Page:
With many teams passing the 70-game mark earlier this week, the2021-22 NBA season is coming to a close. The first day of theplayoffs is exactly one month away, and that's wild to comprehend.Every year, the league cycle brings new moments, developments,opportunities and an entirely different subset of storylines. I'dbe remiss if I didn't mention that this has probably been myfavorite season to cover thus far in my career. Basketball isawesome.
As I'm going throughout the season, I tend to keep running noteson award races and improvements.
I kept coming back to Defensive Player of the Year and theAll-Defensive teams, and almost felt overwhelmed by the amount ofmental math going into the calculations this season. In past years,the defensive side of the ball has been fairly straight forward forme, but due to a plethora of injuries and extemporaneouscircumstances, this year felt different!
To parse through defensive thoughts, context and some of thecomplex equations this season has brought about, I teamed up withNekias Duncan and Jackson Frank to create a consensusdefensive ballot and provide reasoning for our selections. We allenjoy the defensive side of the ball, and couldn't avoid theopportunity to celebrate those who have put together a reallyspecial season on that end.
Note: Voting was done on March 14, and there is certainlyroom for change in the last month of the season, but this is wherewe came together as of that point. Anyone left off of the teams wasdeliberated on for a long time, and I can promise we havecollaboratively stressed the success of each individual throughoutthe year even if they did not make the team; this wasreally hard to narrow to 10 names!
Defensive Player of theYear
A guard hasn't won the NBA Defensive Player of the Year awardsince Gary Payton in the 1995-96 season, but there's real viabilityin Marcus Smart bucking that trend. The Boston Celtics have been agood defensive team for much of the year; they've ascended to dominant in 2022,building a 23-9 record off that foundation since the start of theyear.
Across five-man units that have played at least 250 possessions,there is not a stingier group than the Celtics' starting lineup,allowing just 93.8 points per 100 possessions, according toCleaning the Glass. That's 17.8 points below the league's averageOffensive Rating.
Smart is the best defensive player on the best defensive team inbasketball. He's a menace at the point of attack, one of the true"switch-all' players in the NBA. While every player on the court isa positive communicator — a substantial part of great defense —Smart reigns supreme as the defensive signal-caller by directingtraffic and calling out switches and pre-switches (the hallmark ofBoston).
The passing lanes aren't safe as Smart excels as one of the mostdisruptive off-ball players in the league, averaging 5.0 steals anddeflections per game combined (top-10 in both categories, perSecond Spectrum). He consistently toes the line ofoveraggressiveness and controlled chaos, but his immaculate timingmakes that one of his greatest strengths. He knows his personnelon-court and uses it to his advantage, abusing non-spacers orseeking out blind spots of a ball-handler or post defender. If youhave a weakness, Smart will find it.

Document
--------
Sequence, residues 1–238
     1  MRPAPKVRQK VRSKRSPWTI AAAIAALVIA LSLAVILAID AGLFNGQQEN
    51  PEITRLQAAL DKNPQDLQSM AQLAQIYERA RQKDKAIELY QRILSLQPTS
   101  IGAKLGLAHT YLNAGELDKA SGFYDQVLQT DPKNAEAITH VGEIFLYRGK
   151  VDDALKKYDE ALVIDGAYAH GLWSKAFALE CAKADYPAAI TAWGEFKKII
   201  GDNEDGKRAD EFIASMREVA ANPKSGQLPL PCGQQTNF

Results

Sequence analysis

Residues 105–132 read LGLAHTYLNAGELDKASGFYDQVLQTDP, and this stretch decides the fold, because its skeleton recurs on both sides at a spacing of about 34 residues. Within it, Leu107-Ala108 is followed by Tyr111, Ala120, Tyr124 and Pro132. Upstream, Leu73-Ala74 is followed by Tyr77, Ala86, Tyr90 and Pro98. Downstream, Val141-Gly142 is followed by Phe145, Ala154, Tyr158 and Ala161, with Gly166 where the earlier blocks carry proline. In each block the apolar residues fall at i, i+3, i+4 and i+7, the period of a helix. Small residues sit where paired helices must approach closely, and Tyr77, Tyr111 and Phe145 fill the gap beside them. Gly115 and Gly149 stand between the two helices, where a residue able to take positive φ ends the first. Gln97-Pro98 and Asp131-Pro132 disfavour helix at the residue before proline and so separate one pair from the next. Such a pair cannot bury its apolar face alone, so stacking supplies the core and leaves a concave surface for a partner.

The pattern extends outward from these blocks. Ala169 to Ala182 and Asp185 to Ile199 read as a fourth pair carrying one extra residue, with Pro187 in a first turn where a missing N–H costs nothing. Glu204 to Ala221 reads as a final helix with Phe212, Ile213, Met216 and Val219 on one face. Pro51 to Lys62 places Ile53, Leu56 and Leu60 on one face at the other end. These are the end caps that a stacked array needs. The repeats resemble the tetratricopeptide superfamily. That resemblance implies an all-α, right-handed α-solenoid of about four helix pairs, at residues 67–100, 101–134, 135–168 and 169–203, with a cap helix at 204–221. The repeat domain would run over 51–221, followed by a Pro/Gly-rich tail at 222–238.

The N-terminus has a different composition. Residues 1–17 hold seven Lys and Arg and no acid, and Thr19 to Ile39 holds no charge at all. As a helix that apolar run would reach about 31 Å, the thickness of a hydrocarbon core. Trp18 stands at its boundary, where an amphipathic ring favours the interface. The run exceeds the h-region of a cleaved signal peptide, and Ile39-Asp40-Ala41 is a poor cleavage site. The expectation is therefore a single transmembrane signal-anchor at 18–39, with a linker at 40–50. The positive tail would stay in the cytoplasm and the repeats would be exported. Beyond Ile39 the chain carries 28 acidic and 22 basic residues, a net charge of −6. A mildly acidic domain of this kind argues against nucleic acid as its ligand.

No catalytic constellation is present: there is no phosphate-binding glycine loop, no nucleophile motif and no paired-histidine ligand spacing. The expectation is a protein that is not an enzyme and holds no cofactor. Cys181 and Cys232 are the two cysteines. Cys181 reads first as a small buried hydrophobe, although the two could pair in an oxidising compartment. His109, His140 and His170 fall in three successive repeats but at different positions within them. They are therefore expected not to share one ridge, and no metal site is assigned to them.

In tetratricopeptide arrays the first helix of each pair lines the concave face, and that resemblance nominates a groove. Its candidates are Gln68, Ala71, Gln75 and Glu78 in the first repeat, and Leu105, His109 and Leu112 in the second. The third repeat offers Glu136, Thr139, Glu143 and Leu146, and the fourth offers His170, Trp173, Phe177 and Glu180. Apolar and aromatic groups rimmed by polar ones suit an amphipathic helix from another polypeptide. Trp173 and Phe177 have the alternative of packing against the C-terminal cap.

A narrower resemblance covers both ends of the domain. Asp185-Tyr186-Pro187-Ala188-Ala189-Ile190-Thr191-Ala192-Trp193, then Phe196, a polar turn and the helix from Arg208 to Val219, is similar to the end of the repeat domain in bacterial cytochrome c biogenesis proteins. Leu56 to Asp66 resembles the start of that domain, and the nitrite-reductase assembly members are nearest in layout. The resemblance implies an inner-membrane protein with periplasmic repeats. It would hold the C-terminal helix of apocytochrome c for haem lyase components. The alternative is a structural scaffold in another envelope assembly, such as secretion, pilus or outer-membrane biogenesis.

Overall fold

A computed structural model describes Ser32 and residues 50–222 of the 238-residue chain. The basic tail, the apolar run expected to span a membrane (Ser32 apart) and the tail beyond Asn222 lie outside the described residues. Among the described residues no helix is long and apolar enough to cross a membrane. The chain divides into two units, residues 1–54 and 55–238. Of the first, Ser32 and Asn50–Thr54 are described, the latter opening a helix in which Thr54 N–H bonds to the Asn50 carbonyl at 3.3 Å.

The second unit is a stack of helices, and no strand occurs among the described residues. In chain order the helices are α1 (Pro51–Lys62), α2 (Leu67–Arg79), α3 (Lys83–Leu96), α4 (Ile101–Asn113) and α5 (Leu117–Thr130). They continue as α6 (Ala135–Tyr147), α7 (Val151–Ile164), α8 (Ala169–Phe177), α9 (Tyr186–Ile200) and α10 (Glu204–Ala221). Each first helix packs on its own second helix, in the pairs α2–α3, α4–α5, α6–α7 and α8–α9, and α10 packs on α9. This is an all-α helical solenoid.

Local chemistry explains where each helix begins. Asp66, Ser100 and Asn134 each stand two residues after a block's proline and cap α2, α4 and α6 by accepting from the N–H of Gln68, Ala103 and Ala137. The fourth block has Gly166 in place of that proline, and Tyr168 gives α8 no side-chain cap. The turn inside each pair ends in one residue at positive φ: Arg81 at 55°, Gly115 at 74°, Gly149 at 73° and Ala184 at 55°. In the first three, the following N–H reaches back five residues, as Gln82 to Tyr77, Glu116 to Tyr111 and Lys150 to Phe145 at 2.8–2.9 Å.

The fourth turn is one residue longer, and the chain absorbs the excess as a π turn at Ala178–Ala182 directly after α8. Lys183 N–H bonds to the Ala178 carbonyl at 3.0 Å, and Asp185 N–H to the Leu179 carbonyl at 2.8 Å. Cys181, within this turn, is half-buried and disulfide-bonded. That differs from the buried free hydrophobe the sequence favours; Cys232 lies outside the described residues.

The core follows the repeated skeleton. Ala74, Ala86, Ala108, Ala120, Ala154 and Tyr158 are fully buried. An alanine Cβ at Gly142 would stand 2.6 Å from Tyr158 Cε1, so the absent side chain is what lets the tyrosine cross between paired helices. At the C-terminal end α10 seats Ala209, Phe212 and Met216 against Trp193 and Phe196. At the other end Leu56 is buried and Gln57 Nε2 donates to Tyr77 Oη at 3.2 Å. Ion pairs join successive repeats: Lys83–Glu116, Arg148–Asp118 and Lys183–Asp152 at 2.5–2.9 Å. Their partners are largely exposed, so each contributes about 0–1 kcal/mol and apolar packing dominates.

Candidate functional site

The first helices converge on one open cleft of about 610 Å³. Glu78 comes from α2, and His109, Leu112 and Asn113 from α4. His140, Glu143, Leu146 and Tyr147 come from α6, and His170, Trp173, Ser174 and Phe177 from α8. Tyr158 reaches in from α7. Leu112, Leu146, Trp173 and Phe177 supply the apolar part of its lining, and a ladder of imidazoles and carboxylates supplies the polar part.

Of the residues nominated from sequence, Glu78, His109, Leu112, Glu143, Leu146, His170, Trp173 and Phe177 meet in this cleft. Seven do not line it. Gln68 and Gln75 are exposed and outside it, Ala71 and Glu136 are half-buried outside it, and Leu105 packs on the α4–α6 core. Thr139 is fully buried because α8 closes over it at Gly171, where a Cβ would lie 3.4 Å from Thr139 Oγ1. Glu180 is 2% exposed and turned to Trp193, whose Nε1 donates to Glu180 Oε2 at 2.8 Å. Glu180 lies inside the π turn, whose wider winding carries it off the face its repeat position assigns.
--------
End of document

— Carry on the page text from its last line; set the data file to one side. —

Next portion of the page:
Despite the Milwaukee Bucks only sitting 13th in DefensiveRating this season, Giannis Antetokounmpo is putting togetheranother brilliant defensive campaign. That ranking is far more areflection of injuries and limited personnel rather than some swiftdecline from him. He remains the league’s chief weak-siderim-protector, capable of covering ground with a degree of hasteand technique emulated by few others in NBA history. He’s rangy,quick off the ground and constantly toggling between the action andhis man to stay ready.
Before Brook Lopez returned from injury, Antetokounmpo wasMilwaukee’s one true interior presence, and filled a number ofroles in pick-and-rolls — whether it be drop coverage, switching onthe perimeter or trapping at the level of thescreen. The Bucks’ rim-protection has cratered without him.According to Cleaning The Glass, opponents shoot 6.3% betterwithout Giannis on the floor. He’s been exceptionally good, perusual, this year, and is rightfully a leading candidate to takehome his second DPOY award.
- Jackson Frank
Remember that stretch of games that Rudy Gobert missed earlierthis season while he was injured? The Utah Jazz ranked 28th and24th on defense in the league in those two stretches of play he wassidelined in January, per Cleaning the Glass.
While the detraction of Utah's 10th-ranked defense is fair giventhat its notable playoff flaws haven't been paved over, it should not be an indictment ofGobert. He remains the best rim-protector in the NBA; theopposition shoots 11.6% worse at the rim than the average whenGobert is defending the rim — and defend it he does often,averaging 8.74 rim contests per 75 possessions.
Gobert's instincts and positioning in help are exceptional, andallow him to cover for the mistakes of Utah's perimeter defenders.He's gotten even better on switches this season, sticking out onthe perimeter to shut down ball-handlers in late-clock situations(whatever happens behind Gobert on a switch is between the switcheddefender and his god).
I couldn't fault anyone for electing to vote for Gobert to winhis fourth DPOY award.